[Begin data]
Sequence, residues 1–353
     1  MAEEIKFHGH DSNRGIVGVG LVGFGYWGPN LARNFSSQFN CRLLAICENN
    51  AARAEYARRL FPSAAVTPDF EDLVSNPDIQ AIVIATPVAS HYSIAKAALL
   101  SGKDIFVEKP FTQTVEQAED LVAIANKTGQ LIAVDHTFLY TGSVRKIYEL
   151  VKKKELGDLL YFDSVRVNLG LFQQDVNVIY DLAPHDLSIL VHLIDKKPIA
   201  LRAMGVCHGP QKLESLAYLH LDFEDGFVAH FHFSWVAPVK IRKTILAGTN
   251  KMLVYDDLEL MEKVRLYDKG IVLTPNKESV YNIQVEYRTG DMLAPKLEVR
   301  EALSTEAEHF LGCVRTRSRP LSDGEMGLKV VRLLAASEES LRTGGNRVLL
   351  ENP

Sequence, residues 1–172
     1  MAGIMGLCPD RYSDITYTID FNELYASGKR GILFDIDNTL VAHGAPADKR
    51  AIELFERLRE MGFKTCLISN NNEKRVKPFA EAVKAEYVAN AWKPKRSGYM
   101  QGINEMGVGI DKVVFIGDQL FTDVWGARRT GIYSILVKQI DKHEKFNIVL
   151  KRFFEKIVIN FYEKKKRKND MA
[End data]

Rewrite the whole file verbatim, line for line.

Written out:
Sequence, residues 1–353
     1  MAEEIKFHGH DSNRGIVGVG LVGFGYWGPN LARNFSSQFN CRLLAICENN
    51  AARAEYARRL FPSAAVTPDF EDLVSNPDIQ AIVIATPVAS HYSIAKAALL
   101  SGKDIFVEKP FTQTVEQAED LVAIANKTGQ LIAVDHTFLY TGSVRKIYEL
   151  VKKKELGDLL YFDSVRVNLG LFQQDVNVIY DLAPHDLSIL VHLIDKKPIA
   201  LRAMGVCHGP QKLESLAYLH LDFEDGFVAH FHFSWVAPVK IRKTILAGTN
   251  KMLVYDDLEL MEKVRLYDKG IVLTPNKESV YNIQVEYRTG DMLAPKLEVR
   301  EALSTEAEHF LGCVRTRSRP LSDGEMGLKV VRLLAASEES LRTGGNRVLL
   351  ENP

Sequence, residues 1–172
     1  MAGIMGLCPD RYSDITYTID FNELYASGKR GILFDIDNTL VAHGAPADKR
    51  AIELFERLRE MGFKTCLISN NNEKRVKPFA EAVKAEYVAN AWKPKRSGYM
   101  QGINEMGVGI DKVVFIGDQL FTDVWGARRT GIYSILVKQI DKHEKFNIVL
   151  KRFFEKIVIN FYEKKKRKND MA